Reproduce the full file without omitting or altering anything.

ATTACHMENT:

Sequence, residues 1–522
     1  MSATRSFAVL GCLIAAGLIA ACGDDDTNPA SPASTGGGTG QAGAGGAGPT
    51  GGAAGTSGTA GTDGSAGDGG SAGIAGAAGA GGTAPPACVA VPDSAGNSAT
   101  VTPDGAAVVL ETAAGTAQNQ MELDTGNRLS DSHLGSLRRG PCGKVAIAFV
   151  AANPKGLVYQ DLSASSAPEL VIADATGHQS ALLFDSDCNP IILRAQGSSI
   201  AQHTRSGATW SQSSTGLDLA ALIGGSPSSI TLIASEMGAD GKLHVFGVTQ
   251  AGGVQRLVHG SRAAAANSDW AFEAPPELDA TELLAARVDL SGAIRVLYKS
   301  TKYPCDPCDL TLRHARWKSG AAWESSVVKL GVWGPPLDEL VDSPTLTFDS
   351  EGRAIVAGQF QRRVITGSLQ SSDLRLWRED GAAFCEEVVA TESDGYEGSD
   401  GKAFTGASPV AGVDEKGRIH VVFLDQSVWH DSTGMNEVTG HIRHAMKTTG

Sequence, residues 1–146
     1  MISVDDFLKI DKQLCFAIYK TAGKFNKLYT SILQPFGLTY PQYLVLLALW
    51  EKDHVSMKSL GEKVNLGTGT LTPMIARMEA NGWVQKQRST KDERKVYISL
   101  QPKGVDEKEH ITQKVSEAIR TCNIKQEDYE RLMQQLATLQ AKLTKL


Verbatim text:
Sequence, residues 1–522
     1  MSATRSFAVL GCLIAAGLIA ACGDDDTNPA SPASTGGGTG QAGAGGAGPT
    51  GGAAGTSGTA GTDGSAGDGG SAGIAGAAGA GGTAPPACVA VPDSAGNSAT
   101  VTPDGAAVVL ETAAGTAQNQ MELDTGNRLS DSHLGSLRRG PCGKVAIAFV
   151  AANPKGLVYQ DLSASSAPEL VIADATGHQS ALLFDSDCNP IILRAQGSSI
   201  AQHTRSGATW SQSSTGLDLA ALIGGSPSSI TLIASEMGAD GKLHVFGVTQ
   251  AGGVQRLVHG SRAAAANSDW AFEAPPELDA TELLAARVDL SGAIRVLYKS
   301  TKYPCDPCDL TLRHARWKSG AAWESSVVKL GVWGPPLDEL VDSPTLTFDS
   351  EGRAIVAGQF QRRVITGSLQ SSDLRLWRED GAAFCEEVVA TESDGYEGSD
   401  GKAFTGASPV AGVDEKGRIH VVFLDQSVWH DSTGMNEVTG HIRHAMKTTG

Sequence, residues 1–146
     1  MISVDDFLKI DKQLCFAIYK TAGKFNKLYT SILQPFGLTY PQYLVLLALW
    51  EKDHVSMKSL GEKVNLGTGT LTPMIARMEA NGWVQKQRST KDERKVYISL
   101  QPKGVDEKEH ITQKVSEAIR TCNIKQEDYE RLMQQLATLQ AKLTKL